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Shifts in reproductive assurance strategies and inbreeding costs associated with habitat fragmentation in Central American mahogany
Australian Centre for Evolutionary Biology and Biodiversity (ACEBB) and School of Earth and Environmental Sciences, University of Adelaide.
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2012 (English)In: Ecology Letters, ISSN 1461-023X, E-ISSN 1461-0248, Vol. 15, no 5, 444-452 p.Article in journal (Refereed) Published
Abstract [en]

The influence of habitat fragmentation on mating patterns and progeny fitness in trees is critical for understanding the long-term impact of contemporary landscape change on the sustainability of biodiversity. We examined the relationship between mating patterns, using microsatellites, and fitness of progeny, in a common garden trial, for the insect-pollinated big-leaf mahogany, Swietenia macrophylla King, sourced from forests and isolated trees in 16 populations across Central America. As expected, isolated trees had disrupted mating patterns and reduced fitness. However, for dry provenances, fitness was negatively related to correlated paternity, while for mesic provenances, fitness was correlated positively with outcrossing rate and negatively with correlated paternity. Poorer performance of mesic provenances is likely because of reduced effective pollen donor density due to poorer environmental suitability and greater disturbance history. Our results demonstrate a differential shift in reproductive assurance and inbreeding costs in mahogany, driven by exploitation history and contemporary landscape context.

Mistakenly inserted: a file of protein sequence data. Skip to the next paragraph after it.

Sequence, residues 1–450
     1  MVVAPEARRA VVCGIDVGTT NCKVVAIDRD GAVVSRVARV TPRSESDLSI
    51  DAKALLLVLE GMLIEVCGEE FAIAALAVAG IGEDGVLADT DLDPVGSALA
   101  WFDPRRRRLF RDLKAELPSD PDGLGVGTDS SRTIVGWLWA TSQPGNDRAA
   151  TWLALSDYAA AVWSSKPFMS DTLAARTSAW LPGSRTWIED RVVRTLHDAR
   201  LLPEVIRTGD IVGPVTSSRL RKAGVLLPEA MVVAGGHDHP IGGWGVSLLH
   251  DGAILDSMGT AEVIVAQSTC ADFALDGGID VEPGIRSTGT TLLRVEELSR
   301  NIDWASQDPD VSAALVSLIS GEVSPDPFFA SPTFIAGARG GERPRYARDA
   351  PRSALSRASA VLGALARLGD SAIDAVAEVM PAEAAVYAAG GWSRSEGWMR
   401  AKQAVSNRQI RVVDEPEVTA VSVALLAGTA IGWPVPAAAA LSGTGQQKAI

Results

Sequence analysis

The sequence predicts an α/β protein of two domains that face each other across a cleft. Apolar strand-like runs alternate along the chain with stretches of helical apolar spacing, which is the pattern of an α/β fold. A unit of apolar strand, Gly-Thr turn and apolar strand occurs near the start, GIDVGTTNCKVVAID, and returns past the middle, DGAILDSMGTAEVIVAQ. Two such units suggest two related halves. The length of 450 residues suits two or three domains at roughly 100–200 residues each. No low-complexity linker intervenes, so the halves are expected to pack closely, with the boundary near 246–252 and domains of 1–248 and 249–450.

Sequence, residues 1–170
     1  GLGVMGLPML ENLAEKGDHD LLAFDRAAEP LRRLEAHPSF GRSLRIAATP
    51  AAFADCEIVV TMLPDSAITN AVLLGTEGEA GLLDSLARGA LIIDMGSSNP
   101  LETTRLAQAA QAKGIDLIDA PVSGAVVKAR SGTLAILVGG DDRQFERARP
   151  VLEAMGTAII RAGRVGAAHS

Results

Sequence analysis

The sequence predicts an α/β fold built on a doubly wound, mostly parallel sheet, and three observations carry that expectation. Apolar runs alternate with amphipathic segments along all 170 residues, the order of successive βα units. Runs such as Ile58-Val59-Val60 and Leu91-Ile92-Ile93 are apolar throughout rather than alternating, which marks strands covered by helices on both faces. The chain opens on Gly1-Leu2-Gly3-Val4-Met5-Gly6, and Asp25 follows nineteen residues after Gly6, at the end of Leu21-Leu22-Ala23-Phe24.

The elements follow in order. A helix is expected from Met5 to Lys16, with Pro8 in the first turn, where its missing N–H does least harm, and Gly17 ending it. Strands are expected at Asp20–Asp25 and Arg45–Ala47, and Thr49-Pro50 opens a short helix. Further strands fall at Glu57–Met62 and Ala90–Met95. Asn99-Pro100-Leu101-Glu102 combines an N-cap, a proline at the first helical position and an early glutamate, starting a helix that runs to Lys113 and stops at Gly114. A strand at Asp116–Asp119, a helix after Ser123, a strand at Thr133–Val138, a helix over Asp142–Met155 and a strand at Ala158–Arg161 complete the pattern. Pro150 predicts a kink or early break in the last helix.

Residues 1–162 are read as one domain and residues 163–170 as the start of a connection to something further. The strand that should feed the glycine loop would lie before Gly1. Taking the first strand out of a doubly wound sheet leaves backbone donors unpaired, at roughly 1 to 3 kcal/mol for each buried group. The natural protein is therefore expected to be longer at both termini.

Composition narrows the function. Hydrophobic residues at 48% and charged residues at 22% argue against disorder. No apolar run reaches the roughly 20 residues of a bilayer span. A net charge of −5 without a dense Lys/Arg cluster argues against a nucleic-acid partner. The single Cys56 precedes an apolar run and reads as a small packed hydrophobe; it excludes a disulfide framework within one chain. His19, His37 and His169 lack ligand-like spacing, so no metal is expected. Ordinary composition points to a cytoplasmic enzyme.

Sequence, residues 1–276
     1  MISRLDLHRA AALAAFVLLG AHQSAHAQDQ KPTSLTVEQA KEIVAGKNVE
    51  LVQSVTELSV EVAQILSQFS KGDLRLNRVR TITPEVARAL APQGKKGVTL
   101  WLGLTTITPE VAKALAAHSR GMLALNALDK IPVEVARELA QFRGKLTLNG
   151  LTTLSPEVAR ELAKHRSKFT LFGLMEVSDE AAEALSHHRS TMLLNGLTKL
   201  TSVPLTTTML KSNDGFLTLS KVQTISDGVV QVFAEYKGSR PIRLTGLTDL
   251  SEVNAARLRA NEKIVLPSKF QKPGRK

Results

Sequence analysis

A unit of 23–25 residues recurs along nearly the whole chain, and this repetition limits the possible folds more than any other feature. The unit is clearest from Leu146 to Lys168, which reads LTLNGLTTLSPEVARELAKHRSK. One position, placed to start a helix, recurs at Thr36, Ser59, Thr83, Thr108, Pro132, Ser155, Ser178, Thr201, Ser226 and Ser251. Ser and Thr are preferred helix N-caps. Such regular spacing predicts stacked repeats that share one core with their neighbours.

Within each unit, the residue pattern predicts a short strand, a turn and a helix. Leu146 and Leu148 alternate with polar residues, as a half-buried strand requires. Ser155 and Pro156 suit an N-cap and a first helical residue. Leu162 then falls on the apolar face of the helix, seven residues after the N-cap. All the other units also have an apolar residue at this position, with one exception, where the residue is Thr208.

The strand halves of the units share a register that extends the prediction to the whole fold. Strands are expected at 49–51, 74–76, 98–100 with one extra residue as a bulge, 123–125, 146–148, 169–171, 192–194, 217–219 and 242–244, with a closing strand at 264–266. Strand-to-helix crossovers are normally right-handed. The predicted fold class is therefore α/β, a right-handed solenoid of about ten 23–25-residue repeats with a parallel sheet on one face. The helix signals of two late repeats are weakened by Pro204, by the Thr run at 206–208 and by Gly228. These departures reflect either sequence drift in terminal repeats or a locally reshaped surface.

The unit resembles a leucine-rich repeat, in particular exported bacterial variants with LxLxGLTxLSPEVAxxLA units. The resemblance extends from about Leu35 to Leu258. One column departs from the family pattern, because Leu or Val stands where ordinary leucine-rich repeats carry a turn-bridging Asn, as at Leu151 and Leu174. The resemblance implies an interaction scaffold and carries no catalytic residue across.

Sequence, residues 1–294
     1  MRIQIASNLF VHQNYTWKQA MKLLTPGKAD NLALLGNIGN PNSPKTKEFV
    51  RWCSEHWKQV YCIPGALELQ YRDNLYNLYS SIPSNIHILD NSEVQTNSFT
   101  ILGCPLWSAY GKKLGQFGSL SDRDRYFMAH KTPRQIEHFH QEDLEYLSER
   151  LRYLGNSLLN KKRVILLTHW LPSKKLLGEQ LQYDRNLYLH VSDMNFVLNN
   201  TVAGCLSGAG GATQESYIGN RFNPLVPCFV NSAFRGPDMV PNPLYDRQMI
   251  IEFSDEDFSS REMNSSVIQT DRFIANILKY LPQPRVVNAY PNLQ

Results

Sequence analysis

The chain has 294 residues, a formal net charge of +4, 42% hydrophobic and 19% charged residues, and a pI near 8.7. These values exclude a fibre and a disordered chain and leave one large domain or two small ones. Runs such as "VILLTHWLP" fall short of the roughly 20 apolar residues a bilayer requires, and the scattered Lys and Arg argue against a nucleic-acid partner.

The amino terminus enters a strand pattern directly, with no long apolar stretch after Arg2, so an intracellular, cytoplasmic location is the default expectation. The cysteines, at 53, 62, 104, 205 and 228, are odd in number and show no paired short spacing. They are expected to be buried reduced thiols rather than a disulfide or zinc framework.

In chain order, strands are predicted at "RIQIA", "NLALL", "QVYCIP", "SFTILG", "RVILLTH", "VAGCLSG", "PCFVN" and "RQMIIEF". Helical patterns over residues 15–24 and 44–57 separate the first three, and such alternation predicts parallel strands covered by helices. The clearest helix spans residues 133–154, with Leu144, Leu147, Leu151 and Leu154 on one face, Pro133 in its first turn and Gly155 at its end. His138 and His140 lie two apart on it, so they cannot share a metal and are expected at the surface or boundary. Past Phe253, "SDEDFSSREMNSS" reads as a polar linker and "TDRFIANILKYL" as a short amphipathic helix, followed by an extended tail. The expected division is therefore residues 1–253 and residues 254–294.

Place, publisher, year, edition, pages
2012. Vol. 15, no 5, 444-452 p.
Keyword [en]
Common garden experiment, global change, habitat fragmentation, inbreeding depression, logging, mating system
National Category
Ecology Evolutionary Biology Botany Genetics
Identifiers
URN: urn:nbn:se:uu:diva-181276DOI: 10.1111/j.1461-0248.2012.01752.xOAI: oai:DiVA.org:uu-181276DiVA: diva2:555598
Available from: 2012-09-24 Created: 2012-09-20 Last updated: 2017-12-07Bibliographically approved

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